HRW urges Bahrain to probe torture claims as 6 more tweeters jailed
HRW cites multiple reports of torture that emerged during the
Formula 1 grand prix held in Bahrain in April. They include
accounts of activists and women subjected to electric shocks and
forced into signing confessions.
In addition, the organization harks back to the Bahrain Independent Commission of Inquiry report, issued in November 2011 that stated five activists had died in custody of torture since uprisings began against the Sunni ruling class.
“If the latest allegations are brushed aside it will be yet more evidence suggesting that Bahrain’s justice system is a haven for torturers,” said Sarah Leah Whitson, Middle East director at Human Rights Watch. “Bahrain’s allies should apply serious pressure on Bahrain to investigate and hold accountable anyone responsible for brutally torturing activists.”
Bahrain has blocked the entry of the UN’s special rapporteur on torture, Juan Mendez, from coming to probe police abuses of power. His visit, which was scheduled to begin on May 8, was indefinitely postponed by the Bahraini authorities.
“This is the second time that my visit has been postponed, at very short notice. It is, effectively, a cancellation as no alternative dates were proposed, nor is there a future road map to discuss,” said Mendez, expressing his “disappointment” over the announcement.
Protests against the Bahrain’s oppressive Sunni royal family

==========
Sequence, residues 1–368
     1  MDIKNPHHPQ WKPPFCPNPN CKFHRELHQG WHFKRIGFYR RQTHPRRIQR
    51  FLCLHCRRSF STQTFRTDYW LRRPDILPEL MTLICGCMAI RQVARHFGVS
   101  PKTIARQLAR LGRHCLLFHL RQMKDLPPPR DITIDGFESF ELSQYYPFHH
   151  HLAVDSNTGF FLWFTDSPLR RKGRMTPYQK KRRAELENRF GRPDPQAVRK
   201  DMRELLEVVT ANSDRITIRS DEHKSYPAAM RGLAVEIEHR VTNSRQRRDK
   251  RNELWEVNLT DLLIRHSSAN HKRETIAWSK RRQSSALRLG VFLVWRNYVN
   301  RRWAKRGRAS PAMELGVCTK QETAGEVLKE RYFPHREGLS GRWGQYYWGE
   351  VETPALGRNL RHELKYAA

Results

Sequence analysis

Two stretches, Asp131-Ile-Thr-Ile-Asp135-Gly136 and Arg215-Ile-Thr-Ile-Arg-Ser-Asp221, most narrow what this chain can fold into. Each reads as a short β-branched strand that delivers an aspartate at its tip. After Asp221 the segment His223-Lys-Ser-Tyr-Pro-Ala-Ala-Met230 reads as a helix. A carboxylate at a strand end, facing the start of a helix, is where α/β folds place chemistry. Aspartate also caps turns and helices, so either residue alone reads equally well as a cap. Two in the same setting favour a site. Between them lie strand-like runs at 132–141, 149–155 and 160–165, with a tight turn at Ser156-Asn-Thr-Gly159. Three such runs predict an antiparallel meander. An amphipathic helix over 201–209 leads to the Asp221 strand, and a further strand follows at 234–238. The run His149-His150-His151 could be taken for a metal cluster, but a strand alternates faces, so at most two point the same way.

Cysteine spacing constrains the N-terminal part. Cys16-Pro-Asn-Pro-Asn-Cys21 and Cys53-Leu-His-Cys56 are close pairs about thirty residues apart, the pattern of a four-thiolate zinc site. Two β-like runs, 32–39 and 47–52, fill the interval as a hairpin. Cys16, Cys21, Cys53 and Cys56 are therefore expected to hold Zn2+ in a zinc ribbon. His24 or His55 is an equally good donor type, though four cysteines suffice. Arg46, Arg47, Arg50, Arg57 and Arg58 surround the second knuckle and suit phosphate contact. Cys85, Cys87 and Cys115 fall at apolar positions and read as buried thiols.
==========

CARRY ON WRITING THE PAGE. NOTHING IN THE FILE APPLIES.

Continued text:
have become commonplace. The country’s 70 per cent Shia claim they
are discriminated against and call for a transfer to a democratic
system of government.
This comes as six tweeters were jailed on Wednesday for insulting King Hamad and ‘misusing the right to free expression.’ According to prosecutors, they posted comments on their Twitter feeds that undermined “the values and traditions of Bahrain's society towards the king."
The Bahraini capital, Manama, was hit by mass protests during the grand prix. Activists branded the event “a race for blood” and claimed it was a ploy by the Bahraini authorities to “whitewash” the country’s poor human rights reputation.
One of the highest-profile cases of human rights abuses to come out of Bahrain is that of activist Nabeel Rajab, who openly attacked the country’s government following an interview on RT for Julian Assange’s show The World Tomorrow. Nabeel was sentenced to three years in jail for ‘participation in an illegal assembly’ and ‘calling for a march without prior notification.’
Since the beginning of the uprisings against the Bahraini
monarchy in 2011, Human Rights Watch has calculated that at least
80 people have been killed and thousands arrested.